Fraser Island and some areas in the northern parts of Townsville bore the brunt of the rainfall overnight with the rain gauge recording above 120mm in various parts, though the system traveled off to the sea this morning.
The heavy rains flooded the Gascoyne River to a maximum of 7.07 metres at around 8:15pm on Saturday, coming short of the unprecedented 2010 floods that swelled the river to about 7.7 metres.
The forecast severe thunderstorms are expected to deliver heavy falls that could cause flash flooding in parts spanning Canberra to Walgett in the northern NSW.
The super storms and wet weather conditions are set to linger on till Wednesday morning, with huge swells gulping up beaches including the popular Main Beach on Byron Bay.
According to the Bureau of Meteorology (BOM), the weather event is set to deliver more rainfall to Australia, generating perfect mating weather conditions for crocodiles.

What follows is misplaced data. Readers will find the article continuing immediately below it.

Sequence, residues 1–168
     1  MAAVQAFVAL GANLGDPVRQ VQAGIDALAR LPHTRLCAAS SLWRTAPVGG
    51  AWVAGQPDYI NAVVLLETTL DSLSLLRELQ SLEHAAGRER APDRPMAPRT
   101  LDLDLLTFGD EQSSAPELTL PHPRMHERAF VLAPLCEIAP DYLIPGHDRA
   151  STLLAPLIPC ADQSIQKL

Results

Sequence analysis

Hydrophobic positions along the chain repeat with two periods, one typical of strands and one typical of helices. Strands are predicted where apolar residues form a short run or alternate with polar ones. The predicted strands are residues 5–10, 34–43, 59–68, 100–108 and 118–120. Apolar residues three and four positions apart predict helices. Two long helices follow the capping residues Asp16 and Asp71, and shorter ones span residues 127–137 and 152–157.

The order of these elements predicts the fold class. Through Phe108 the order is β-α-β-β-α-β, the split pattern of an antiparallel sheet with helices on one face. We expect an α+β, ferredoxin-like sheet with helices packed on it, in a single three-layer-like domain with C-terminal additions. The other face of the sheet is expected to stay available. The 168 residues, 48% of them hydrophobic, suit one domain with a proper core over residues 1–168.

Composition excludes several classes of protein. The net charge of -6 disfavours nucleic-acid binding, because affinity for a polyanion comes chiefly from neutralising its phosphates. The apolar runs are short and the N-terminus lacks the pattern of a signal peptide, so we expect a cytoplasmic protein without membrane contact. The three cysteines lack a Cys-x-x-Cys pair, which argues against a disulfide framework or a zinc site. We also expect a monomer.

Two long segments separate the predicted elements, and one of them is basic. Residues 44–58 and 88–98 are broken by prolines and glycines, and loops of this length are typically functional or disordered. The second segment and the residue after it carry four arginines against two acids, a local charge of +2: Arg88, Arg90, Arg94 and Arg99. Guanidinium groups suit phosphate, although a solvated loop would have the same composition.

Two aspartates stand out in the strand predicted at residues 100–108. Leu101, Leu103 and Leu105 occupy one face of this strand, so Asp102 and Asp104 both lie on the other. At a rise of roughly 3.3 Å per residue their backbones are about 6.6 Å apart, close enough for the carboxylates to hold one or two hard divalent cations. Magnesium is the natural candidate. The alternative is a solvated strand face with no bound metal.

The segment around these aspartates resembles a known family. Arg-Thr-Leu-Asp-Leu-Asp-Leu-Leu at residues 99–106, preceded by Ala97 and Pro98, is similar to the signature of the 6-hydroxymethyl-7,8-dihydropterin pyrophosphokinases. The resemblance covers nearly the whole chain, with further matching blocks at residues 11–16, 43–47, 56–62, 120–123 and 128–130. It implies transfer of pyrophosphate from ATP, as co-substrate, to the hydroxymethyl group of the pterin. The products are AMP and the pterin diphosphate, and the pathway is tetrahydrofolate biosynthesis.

Since La Niña’s announcement a fortnight ago, widespread showers have been recorded and it seems we have to start getting used to flooding, as suggested in the BOM’s October—April outlook.
The Bureau of Meteorology (BOM) has issued a warning that the expected showers could cause flash flooding in the state’s central and western parts on Wednesday and within the northeast ranges on Thursday morning.
La Niña is a phenomenon in the atmosphere that’s triggered by strong winds over the oceanic waters around the equator like the Pacific Ocean that stirs up frosty waters thereby causing sharp shifts during on-land weather conditions.
If your home or property bears significant damage such as flooding, ripped off roof or flooding, call the SES on 132 500.
Well, Dr Benger noted that it was too early and quite challenging to predict and that the Bureau’s announcement does not guarantee that the Australian region will hit La Nina’s thresholds in this year.